Blessed Savior/Shepherd — thank you that you bring refreshment and nourishment with you. Thank you that we can find peace — your special peace — deep within us, even when everything around us is insane. Thank you that you came from ‘the past’ right into our present. And that you go before us into the future, too. Thank you.

An Advent Journey: Reflections for Weary Travelers — Day Six

IMG_5770

Micah 4:6-13

“On that great day,” God says,
    “I will round up all the hurt and homeless,
    everyone I have bruised or banished.
I will transform the battered into a company of the elite.
    I will make a strong nation out of the long lost,
A showcase exhibit of God’s rule in action,
    as I rule from Mount Zion, from here to eternity.

“And you stragglers around Jerusalem,
    eking out a living in shantytowns:
The glory that once was will be again.
    Jerusalem’s daughter will be the kingdom center.”

So why the doomsday hysterics?
    You still have a king, don’t you?
But maybe he’s not doing his job
    and you’re panicked like a woman in labor.
Well, go ahead—twist and scream, Daughter Jerusalem.
    You are like a woman in childbirth.
You’ll soon be out of the city, on your way
    and camping in the open country.
And then you’ll arrive in Babylon.
    What you lost in Jerusalem will be found in Babylon.
God will give you new life again.
    He’ll redeem you from your enemies.

But for right now, they’re ganged up against you,
    many godless peoples, saying,
“Kick her when she’s down! Violate her!
    We want to see Zion grovel in the dirt.”
These blasphemers have no idea
    what God is thinking and doing in this.
They don’t know that this is the making of God’s people,
    that they are wheat being threshed, gold being refined.

On your feet, Daughter of Zion! Be threshed of chaff,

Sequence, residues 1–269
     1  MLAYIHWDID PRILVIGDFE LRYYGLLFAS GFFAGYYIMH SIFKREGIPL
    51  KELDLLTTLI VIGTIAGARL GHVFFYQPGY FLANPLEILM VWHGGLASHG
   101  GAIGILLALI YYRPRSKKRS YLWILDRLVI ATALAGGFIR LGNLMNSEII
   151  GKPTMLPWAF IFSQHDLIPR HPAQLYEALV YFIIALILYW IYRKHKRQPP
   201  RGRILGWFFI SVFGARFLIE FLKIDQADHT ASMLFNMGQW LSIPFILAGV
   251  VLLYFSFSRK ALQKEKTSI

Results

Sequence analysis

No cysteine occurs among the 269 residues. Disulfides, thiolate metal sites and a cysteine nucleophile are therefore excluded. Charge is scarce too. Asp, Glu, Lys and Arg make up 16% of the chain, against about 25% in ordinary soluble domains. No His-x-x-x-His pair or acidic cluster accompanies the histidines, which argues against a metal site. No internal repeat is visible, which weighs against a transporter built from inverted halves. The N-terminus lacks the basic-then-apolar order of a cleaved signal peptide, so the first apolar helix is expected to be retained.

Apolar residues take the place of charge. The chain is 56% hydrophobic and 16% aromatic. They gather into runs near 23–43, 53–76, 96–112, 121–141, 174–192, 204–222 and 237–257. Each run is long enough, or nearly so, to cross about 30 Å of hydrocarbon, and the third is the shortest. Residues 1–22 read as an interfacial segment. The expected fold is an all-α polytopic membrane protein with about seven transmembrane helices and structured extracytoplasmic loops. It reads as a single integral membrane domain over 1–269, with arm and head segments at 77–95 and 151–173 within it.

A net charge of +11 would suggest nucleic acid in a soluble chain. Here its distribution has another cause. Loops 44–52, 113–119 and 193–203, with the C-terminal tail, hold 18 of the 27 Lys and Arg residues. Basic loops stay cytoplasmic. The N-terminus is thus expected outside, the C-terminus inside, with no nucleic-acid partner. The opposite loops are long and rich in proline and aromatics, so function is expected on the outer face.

be refined of dross.
I’m remaking you into a people invincible,
    into God’s juggernaut to crush the godless peoples.
You’ll bring their plunder as holy offerings to God,
    their wealth to the Master of the earth.

Yowza. These prophets don’t pussy-foot around, do they? They tell it like it is and like it will be and sometimes, it is hard to read. But here and there, like beautiful bread crumbs, there are phrases, ideas, hope. That was one of the jobs of the prophets, you know — to be harbingers of hope to God’s people in times of devastation and loss. Yes, they also brought plenty of bad news and the despair that accompanies such news. But woven throughout, there are words of life and of promise.

The truth is, we don’t know what God is up to when things are looking bleak. We cannot see the ways in which the painful circumstances of today will be redeemed as gifts tomorrow. And yet that is what happens. . . eventually. We may not live to see that redemption. I frequently need to remind myself that there is a 400+ year gap between the OT prophets and the great good-news-gift of the gospel. There IS a big picture, a very long through line. That’s what we need to grab hold of when times are tough. Look for the seeds. Look for the seeds.